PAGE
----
US 6128792 A
A swimming pool aerator is designed with a base member secured to the end of a water return pipe above the water surface in the side of a pool or water feature basin. The base member carries a retractable spray nozzle, which normally is biased to retract into the wall of the pool through the base member. When water is applied to the supply line under pressure, an aerator nozzle is moved from a rest position to an extended position against the action of a biasing spring to spray water into the pool. When the pressure or supply is turned off, the aerator nozzle is retracted back into the base portion by the biasing spring to a position safely out of the way of swimmers or users of the pool.
1. A retractable aerator nozzle assembly for a pool with water in it for placement in a water supply line opening through a substantially vertical wall of the pool above the water, said nozzle assembly including in combination:
a base member adapted to be secured in an end of an above-water supply line in a substantially vertical wall of a pool, the base member having an opening throughout its length with first and second ends having first and second shoulders thereon, respectively, the first and second shoulders spaced a first predetermined distance apart;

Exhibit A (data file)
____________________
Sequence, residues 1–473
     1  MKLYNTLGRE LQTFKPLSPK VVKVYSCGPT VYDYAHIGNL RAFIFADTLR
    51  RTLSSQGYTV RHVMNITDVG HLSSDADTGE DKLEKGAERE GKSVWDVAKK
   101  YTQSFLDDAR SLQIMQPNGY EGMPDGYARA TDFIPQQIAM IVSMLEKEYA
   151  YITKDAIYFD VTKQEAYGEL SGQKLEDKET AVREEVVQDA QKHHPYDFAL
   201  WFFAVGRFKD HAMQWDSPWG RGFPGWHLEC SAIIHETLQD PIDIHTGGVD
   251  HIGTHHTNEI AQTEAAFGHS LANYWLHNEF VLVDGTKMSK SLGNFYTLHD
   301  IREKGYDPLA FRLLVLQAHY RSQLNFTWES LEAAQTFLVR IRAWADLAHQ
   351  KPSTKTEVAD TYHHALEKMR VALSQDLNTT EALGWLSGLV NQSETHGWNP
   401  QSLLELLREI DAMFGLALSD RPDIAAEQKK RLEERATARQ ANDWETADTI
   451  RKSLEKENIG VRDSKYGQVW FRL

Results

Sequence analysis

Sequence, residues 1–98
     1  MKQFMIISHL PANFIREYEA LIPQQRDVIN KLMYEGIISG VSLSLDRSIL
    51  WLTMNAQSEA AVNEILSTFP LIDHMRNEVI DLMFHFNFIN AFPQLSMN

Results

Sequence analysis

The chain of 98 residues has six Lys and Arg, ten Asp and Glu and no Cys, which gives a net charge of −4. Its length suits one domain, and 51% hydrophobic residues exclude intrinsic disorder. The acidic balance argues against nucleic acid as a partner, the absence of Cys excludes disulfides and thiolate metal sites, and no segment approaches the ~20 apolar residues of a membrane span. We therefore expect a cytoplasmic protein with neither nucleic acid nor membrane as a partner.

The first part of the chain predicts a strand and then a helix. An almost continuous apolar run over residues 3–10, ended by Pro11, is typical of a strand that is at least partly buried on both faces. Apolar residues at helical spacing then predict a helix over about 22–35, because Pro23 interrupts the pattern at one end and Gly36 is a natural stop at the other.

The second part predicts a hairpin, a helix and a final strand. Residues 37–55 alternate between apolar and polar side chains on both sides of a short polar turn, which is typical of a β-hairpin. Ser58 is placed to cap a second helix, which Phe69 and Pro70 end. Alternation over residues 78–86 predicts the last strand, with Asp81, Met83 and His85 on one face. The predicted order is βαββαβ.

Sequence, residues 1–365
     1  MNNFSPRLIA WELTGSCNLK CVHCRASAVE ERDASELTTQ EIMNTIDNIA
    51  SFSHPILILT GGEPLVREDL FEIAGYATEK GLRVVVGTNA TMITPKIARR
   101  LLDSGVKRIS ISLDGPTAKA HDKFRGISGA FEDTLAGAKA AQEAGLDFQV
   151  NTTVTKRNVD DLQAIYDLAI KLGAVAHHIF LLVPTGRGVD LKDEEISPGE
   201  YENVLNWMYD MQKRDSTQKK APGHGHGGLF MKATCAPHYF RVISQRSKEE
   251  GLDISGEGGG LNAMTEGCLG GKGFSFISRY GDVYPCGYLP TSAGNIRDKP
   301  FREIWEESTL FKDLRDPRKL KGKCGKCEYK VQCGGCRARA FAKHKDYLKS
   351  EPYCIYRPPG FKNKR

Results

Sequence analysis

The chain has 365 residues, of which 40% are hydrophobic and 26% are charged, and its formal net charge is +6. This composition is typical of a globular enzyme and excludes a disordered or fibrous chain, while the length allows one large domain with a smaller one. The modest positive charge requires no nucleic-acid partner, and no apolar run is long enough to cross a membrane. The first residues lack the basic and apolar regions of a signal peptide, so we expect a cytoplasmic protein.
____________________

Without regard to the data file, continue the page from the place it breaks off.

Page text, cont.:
a hollow movable member mounted for non rotatable reciprocal movement in the opening in the base member, the movable member having, a length greater than the first predetermined distance with first and second ends carrying, respectively, first and second flanges for engaging the first and second shoulders, respectively, of the base member, the movable member being open at the second end thereof and closed at the first end thereof, with a fluid exit opening comprising an upwardly facing transverse slot in the side wall adjacent the first end thereof;
a sloped surface located in the hollow interior of the movable member adjacent the slot therein to direct water flow from the second end of the movable member through the slot in the side thereof; and
a biasing member coupling the base member and the movable member for biasing the movable member to a first standby position, with the first flange engaging the first shoulder of the base member, so that water under pressure in the base member overcomes the biasing member to move the movable member to a second operating position with the second flange thereof engaging the second shoulder of the base member to extend the first end of the movable member beyond the first end of the base member to allow water to exit through the exit opening of the movable member to spray upwardly and angularly outwardly above water in a pool.
2. The combination according to claim 1 wherein the base member and the movable member both are cylindrical members, with the movable member telescopically mounted in the base member.
3. The combination according to claim 2 wherein the biasing member comprises a spring.
4. The combination according to claim 3 wherein the spring comprises a coil spring encircling the movable member.
5. The combination according to claim 4 wherein the base member and the movable member both are formed of plastic material.